Now, can someone picture what would have happened if this disaster struck one week before? We wouldn’t be able to use the last day of school to finish the work, we wouldn’t be able to deliver it, and the teachers wouldn’t be able to judge it – simply because the Steam authentication servers were down (and the “Offline Mode” was busted) and we wouldn’t be able to run the game or the tools locally. It was the last day of college and grades were due out on the following Monday. It would be hell for the students, teachers and the school.

    Comparatively, this issue is just a small problem in the greater order of things. I mean, people were killed or had their houses destroyed because of the storm that hit Seattle. It’s not Valve’s fault either… they’re not God, they couldn’t have predicted it.

    Regardless, I still believe it’s still Valve’s responsibility to make sure the games and tools people purchased work – either by having a real Offline Mode, or by having a second authentication server somewhere else. Ask yourself what would happen if authentication servers for a major Credit Card firm went offline on Christmas days – say, Visa credit cards. You’d be at EBGames or Gamestop or something buying your Wii after spending 3 days on a line, and suddenly your Visa wouldn’t work anymore. Would you be happy? Who would you blame, the random storm that hit their servers, or the fact that they didn’t plan ahead?

    I’ve never seen that happening, so that’s why believe Credit Card companies have took this into consideration – probably using secondary backup servers, I don’t know. And how Valve never thought of something similar, specially because Offline Mode doesn’t work properly, I don’t know. But I really hope they take this into consideration in the future. If they want online purchases to be as attractive as brick and mortar purchases, I don’t see any sense in crippling software this way.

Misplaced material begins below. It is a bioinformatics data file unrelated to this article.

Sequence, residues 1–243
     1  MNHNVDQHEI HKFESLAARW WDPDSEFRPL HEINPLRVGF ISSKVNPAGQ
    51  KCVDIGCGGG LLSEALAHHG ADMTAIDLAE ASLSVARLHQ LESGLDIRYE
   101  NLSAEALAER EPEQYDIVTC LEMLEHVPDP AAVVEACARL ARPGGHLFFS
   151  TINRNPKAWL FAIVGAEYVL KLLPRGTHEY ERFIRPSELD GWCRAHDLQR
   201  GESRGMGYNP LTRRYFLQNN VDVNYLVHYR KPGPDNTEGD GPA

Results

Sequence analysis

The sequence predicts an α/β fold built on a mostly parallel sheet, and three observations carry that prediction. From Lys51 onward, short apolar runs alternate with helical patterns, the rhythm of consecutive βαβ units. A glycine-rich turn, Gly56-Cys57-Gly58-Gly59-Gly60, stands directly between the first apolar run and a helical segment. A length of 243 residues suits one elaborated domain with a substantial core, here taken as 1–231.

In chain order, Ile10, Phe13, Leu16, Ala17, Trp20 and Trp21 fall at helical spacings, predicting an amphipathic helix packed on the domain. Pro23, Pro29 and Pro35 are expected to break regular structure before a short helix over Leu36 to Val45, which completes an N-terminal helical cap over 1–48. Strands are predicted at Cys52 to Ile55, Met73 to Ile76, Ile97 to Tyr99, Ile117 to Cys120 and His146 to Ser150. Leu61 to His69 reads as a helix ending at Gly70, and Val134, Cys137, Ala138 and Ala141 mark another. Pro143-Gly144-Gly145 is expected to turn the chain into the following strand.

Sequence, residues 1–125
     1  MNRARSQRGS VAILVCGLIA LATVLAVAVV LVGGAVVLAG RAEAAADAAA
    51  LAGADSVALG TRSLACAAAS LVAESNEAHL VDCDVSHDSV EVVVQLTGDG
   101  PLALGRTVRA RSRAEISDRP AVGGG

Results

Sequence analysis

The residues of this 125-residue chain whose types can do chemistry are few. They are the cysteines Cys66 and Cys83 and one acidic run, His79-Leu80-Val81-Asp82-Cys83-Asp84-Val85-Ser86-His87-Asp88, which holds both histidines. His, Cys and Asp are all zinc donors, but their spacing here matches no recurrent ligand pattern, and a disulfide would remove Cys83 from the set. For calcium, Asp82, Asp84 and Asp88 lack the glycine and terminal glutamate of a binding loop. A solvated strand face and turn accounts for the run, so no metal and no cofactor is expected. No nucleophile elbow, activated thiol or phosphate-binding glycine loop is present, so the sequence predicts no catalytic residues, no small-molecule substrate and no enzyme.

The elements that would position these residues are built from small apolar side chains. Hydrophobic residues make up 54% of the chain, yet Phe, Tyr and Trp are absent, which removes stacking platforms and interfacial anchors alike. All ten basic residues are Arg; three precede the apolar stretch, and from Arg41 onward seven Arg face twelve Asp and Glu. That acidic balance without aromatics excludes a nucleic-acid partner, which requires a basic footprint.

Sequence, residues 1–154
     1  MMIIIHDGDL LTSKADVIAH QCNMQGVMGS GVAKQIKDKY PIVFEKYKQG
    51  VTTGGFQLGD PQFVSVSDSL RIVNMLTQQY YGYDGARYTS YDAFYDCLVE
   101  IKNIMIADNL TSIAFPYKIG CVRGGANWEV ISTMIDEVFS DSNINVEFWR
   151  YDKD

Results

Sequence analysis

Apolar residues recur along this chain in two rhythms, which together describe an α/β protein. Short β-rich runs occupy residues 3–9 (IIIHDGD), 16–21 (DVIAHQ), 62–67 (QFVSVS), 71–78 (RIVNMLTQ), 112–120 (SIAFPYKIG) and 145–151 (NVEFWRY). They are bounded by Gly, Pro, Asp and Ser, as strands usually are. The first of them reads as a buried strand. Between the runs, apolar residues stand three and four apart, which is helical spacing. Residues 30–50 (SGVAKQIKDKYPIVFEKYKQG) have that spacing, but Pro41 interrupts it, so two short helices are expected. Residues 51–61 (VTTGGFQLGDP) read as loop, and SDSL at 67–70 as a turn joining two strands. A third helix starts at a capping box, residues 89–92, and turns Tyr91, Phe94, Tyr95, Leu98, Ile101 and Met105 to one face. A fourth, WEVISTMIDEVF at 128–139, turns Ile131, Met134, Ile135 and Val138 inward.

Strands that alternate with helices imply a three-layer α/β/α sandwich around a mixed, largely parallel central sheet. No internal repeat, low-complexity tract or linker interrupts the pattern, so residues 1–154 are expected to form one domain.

2. Tom Edwards Says:

    I wasn’t aware that offline mode didn’t work (my laptop having died a few days previously). Talk about adding insult to injury: it was also a problem during Steam’s last major downtime, nearly two years ago! That’s the second weakness that ought to be long-resolved by now.

  3. Andy Simpson Says:

    Indeed. Offline mode is a (badly) shoehorned in fix for a problem that was never really thought about properly in Steam’s development. It’s scandalous that it’s still unfixed, and it makes me kinda mad that they’re off developing very peripheral new features (like guest passes) while a lot of the core functionality is pretty flakey.

    The solution is annoyingly obvious. Steam should be designed to work offline, but to take advantage of the Internet when it’s availiable. In the development of reliable software, you should always assume resources are going to be unavailiable. The Steam client assumes the Steam service will always be perfectly reliable. It’s a very bad assumption.

  4. Ben Says:

    I remember this, the SERVERs window of steam no longer worked, so you had to go in game to see if they were still up. They were -of course, but the VALVe Anti-Cheat system (VAC) was offline. Naturally, more than a few hackers decided to take this opportunity to rape most of the now unprotected servers. Furthermore, nothing was stopping banned accounts from hacking while they could.

    Note: this was an outbreak in CSS.

This website gathers data for various First Person Shooter games for PCs, and then build graphics with those numbers. This brings no answers, just questions. Where do we go from here?